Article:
The hope is that the new US administration will restore this confidence as a neutral mediator through a peace process in which both international and Arab parties participate, whether within the framework of the International Quartet (after expanding it to including Arab members), or in any international framework that guarantees the mobilization of efforts in support of achieving peace in the Middle East. There is no doubt that the recent peace agreements signed between Israel and several Arab countries are likely to help in fostering a positive climate of mutual trust which will facilitate reaching a final solution and resolving the conflict. It is important, however, to ensure that the Israeli side is fully aware that these agreements are not an alternative to reaching a settlement or the two-state solution.

Read more: If elected, Biden to restore Palestinian aid, reopen PLO office in Washington: Harris

Despite all the discouraging issues afflicting the Arab region, many important positive steps have been taken recently that need to be emphasized and developed during this upcoming stage. For instance, the reconciliation summit that I attended in Saudi Arabia’s ancient city of AlUla on January 5th is a major step in the right direction.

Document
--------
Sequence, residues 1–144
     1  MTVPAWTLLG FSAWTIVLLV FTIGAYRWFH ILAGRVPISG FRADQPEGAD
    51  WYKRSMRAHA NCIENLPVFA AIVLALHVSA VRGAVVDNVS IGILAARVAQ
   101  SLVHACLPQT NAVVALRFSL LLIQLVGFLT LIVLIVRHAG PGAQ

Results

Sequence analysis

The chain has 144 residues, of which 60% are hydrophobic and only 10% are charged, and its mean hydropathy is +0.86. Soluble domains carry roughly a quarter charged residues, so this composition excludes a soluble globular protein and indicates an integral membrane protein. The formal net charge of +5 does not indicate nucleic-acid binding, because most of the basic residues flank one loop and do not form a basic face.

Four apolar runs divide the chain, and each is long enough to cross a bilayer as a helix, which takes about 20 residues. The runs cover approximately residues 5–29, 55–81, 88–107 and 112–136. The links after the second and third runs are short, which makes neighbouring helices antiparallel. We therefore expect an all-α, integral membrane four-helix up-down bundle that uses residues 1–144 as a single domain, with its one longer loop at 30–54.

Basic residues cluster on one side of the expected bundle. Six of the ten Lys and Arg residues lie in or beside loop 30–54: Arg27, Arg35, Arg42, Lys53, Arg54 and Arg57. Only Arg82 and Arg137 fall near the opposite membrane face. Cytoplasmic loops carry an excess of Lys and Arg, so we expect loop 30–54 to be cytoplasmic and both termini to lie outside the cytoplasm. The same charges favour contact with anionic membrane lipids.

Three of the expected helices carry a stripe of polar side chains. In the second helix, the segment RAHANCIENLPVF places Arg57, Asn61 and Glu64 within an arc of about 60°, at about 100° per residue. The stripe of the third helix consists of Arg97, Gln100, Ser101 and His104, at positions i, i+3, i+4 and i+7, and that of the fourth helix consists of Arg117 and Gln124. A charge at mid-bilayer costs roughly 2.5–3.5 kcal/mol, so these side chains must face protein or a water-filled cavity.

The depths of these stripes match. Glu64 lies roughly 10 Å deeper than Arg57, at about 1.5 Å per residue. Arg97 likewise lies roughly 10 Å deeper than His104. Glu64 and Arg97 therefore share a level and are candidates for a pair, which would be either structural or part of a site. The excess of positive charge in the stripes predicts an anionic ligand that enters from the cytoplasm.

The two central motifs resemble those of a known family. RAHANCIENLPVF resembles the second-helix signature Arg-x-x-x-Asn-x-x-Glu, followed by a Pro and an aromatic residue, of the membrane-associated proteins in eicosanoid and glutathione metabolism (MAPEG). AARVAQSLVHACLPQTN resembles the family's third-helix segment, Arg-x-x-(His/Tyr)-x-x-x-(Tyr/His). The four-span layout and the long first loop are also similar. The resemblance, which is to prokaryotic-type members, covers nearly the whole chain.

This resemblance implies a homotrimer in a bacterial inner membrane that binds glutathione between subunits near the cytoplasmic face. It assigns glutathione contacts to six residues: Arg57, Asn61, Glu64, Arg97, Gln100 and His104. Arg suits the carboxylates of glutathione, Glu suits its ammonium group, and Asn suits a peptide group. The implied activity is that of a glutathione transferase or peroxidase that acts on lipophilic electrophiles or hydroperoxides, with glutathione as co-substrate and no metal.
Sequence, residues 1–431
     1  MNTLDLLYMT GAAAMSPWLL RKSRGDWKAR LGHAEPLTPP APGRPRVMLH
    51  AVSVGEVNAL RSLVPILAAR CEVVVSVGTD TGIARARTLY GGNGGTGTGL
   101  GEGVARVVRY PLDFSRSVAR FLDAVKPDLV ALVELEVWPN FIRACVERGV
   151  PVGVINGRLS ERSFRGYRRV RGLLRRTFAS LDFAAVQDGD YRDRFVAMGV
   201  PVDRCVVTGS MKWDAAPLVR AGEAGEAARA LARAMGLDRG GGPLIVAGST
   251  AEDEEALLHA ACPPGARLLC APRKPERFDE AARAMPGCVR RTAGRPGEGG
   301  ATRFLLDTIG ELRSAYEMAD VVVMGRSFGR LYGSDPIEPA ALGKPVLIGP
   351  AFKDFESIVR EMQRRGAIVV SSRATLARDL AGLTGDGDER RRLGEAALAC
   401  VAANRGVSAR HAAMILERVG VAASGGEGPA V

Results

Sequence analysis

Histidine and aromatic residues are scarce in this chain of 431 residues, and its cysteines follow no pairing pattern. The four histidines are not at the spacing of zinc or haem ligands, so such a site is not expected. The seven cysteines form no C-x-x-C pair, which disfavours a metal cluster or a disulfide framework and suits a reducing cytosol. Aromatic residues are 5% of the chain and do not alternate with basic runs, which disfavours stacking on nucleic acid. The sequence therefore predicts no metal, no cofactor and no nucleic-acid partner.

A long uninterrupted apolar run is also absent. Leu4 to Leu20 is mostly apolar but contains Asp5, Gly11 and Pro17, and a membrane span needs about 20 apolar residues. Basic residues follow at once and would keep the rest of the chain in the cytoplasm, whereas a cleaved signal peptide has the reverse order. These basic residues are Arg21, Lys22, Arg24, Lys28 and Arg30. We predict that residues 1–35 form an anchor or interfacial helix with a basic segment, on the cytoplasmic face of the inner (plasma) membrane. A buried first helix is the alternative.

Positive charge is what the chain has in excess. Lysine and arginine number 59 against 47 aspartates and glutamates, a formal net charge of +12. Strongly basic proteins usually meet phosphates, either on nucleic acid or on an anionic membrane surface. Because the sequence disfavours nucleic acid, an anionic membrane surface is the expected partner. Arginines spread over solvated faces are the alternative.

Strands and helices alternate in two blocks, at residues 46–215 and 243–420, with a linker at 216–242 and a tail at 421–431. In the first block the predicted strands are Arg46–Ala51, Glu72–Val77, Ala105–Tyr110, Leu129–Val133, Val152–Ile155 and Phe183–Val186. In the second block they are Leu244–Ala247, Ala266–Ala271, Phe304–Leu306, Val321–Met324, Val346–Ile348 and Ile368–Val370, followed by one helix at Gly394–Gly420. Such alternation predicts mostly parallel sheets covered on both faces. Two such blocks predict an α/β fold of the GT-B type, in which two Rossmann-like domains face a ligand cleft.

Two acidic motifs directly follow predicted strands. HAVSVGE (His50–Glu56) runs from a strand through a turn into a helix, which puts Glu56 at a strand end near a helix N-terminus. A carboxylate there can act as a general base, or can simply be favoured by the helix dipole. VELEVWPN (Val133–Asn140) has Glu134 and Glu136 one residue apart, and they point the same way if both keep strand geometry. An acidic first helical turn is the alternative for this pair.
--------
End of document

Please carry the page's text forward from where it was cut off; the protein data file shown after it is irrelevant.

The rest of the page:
Everyone who attended this Gulf summit or read the declaration that ensued can agree that all the parties involved are determined to take serious steps to resolve inter-Arab disputes and strengthen Arab relations during these difficult times. Perhaps unifying and intensifying Arab efforts in the upcoming period can serve as a promising basis for successful cooperation with the new US administration, as well as establishing trust between all parties.

For the past decade, our region has been suffering from instability and turmoil that weighed heavily on the security of the region’s countries as well as their economic and social conditions. Many countries have not yet recovered from the steep cost of regional conflicts which resulted in devastation, destruction, and dramatic loss of human life, like in Syria, Yemen, and Libya.

Meanwhile, in other Arab countries, like Iraq, Lebanon, and Sudan, the people and the government are still struggling to reach political and social stability amid mounting pressures that have multiplied due to the pandemic. It is safe to assume that the decline in commercial and economic activity, as well as the decline in oil prices and the revenues of the tourism and travel industry, will not only affect oil-exporting countries. In fact, this will have clear negative consequences for the overall economic and social conditions in the Arab region for years.